Development of Delivery Strategy for Adipose-Derived Stem Cells in the Treatment of Myocardial Infarction

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Lee, Justin J.
Adipose-Derived Stem Cells , Regenerative Medicine , Hydrogel Cell Encapsulation , Myocardial Infarction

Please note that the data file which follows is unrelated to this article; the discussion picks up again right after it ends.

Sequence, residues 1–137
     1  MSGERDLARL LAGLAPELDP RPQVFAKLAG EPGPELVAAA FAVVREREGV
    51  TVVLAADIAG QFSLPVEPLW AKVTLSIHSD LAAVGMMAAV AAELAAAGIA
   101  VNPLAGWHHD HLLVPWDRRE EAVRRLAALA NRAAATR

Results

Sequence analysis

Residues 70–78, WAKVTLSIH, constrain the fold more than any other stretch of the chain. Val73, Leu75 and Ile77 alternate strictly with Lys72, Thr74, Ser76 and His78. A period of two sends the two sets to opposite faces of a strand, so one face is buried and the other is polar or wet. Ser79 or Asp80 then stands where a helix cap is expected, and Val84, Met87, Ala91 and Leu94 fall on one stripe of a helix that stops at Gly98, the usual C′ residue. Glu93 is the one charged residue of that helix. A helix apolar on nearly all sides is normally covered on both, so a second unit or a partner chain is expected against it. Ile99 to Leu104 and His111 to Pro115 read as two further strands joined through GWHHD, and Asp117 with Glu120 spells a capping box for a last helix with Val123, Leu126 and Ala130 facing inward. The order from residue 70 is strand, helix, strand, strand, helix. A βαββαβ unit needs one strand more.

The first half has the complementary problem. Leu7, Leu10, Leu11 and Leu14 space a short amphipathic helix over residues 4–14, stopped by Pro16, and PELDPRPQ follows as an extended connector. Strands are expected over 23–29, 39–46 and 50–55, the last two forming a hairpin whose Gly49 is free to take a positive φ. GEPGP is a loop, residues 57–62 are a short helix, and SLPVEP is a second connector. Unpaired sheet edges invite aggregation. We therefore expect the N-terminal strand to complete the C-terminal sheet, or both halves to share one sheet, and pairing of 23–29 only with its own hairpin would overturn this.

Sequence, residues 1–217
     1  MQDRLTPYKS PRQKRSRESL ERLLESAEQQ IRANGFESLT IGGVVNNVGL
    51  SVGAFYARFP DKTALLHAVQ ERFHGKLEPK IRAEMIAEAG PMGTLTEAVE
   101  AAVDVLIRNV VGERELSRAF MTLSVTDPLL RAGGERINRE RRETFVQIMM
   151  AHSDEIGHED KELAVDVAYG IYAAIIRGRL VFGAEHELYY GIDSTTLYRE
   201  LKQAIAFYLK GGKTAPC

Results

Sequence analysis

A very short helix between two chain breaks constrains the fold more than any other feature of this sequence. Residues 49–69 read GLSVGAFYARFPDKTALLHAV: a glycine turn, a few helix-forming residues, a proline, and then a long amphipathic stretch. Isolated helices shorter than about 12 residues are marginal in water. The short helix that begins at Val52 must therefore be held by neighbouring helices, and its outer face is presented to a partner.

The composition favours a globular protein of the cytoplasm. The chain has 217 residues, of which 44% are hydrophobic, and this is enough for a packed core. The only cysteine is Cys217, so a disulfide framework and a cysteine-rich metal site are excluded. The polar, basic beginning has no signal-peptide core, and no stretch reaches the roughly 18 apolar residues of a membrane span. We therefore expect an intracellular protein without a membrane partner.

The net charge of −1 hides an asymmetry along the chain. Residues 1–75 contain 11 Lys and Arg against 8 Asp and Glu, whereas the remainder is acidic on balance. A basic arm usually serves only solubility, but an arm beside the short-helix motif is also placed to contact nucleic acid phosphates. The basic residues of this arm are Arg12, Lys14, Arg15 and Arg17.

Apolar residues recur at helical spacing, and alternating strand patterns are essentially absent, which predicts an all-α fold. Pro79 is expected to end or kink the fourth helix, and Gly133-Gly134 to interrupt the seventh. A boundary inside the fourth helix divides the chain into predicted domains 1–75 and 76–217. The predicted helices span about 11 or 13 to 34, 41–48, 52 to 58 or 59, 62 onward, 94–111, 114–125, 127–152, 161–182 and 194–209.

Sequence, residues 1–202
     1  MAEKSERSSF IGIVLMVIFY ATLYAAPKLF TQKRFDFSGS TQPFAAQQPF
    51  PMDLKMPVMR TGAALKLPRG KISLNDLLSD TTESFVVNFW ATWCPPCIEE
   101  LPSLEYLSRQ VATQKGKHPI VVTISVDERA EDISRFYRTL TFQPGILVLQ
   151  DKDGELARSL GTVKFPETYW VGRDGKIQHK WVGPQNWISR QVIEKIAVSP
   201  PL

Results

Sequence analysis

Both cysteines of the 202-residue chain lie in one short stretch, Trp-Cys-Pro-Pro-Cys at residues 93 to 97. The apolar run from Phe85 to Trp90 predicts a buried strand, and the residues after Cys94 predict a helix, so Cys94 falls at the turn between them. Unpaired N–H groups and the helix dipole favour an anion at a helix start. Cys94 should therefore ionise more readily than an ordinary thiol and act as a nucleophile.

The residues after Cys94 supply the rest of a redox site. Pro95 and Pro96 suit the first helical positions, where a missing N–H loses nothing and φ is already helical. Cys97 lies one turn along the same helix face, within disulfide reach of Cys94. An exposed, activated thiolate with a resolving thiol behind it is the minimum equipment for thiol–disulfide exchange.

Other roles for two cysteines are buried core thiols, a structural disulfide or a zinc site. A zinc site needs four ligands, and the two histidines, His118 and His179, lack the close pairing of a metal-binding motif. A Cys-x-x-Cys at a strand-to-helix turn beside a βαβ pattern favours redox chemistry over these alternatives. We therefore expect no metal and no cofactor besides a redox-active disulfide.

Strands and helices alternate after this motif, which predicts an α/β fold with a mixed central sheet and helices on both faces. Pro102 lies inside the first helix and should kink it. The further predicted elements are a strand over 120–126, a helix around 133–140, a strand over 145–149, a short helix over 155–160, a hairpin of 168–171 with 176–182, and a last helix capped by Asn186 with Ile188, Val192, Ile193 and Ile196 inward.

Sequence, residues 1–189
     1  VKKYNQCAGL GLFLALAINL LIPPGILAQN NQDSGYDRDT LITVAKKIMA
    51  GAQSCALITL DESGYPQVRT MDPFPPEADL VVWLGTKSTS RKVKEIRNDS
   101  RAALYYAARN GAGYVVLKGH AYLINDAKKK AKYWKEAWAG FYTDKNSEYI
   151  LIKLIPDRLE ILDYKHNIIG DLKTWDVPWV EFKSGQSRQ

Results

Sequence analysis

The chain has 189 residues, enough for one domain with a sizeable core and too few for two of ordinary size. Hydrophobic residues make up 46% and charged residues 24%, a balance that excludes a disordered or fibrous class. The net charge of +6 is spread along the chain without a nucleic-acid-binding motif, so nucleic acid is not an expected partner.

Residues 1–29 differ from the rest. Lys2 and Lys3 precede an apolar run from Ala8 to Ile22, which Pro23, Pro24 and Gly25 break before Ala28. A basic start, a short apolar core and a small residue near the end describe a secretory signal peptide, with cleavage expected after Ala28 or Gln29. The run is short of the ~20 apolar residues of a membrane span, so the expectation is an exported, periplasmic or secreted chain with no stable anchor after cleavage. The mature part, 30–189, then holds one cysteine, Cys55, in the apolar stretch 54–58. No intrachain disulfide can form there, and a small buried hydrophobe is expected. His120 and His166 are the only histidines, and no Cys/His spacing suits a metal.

Cell-based therapies involving adipose-derived stem cells (ASCs) have shown promise in stimulating cardiovascular regeneration, including in the treatment of myocardial infarction (MI) and ischemic heart disease. However, previous studies involving the delivery of ASCs following MI have indicated that therapeutic efficacy has been limited by low survival and/or poor retention of the transplanted cells at the site of injury. To address these limitations, the goal of this thesis was to develop a more effective delivery strategy incorporating an injectable biomaterial combined with chemotactic growth factor delivery to enhance ASC retention within the gel. Working towards future in vivo analysis in a rat model, multilineage characterization studies confirmed that ASCs isolated from the epididymal fat pad of male Wistar rats could differentiate in vitro along the adipogenic, osteogenic, and chondrogenic lineages. Subsequently, the chemotactic response of the rat ASCs (rASCs) to varying concentrations of stromal derived factor-1 α (SDF-1α) and hepatocyte growth factor (HGF) was analyzed using a modified Boyden chamber assay. The results demonstrated that SDF-1α and HGF, at 20, 50, and 100 ng/mL elicited significant migratory responses under normoxic (21%) and hypoxic (5%) culture conditions. RT-PCR analysis was conducted to assess the expression of the two chemotactic growth factors and their associated receptors in the rASCs, and secreted SDF-1α protein expression was quantified by ELISA. Moving towards the development of the biomaterials-based delivery approach, the viability of rASCs encapsulated by photopolymerization in methacrylated glycol chitosan (MGC) hydrogels modified with various degrees of arginine-glycine-aspartic acid (RGD)-peptide modification was examined. More specifically, rASCs were encapsulated in MGC hydrogels with 0%, 4%, and 7% RGD modification and cultured for up to 14 days. Viability staining results indicated that rASC viability was enhanced in the 4% and 7% RGD-modified MGC hydrogels in comparison to the MGC hydrogels with no peptide modification. Pre-loading the gels with 50 ng/mL of SDF-1α had no significant effects on cell viability over 14 days. Overall, the results demonstrate that peptide modification to promote cell adhesion within the MGC hydrogels is key to improving cell viability and thereby improving the therapeutic potential of ASCs.
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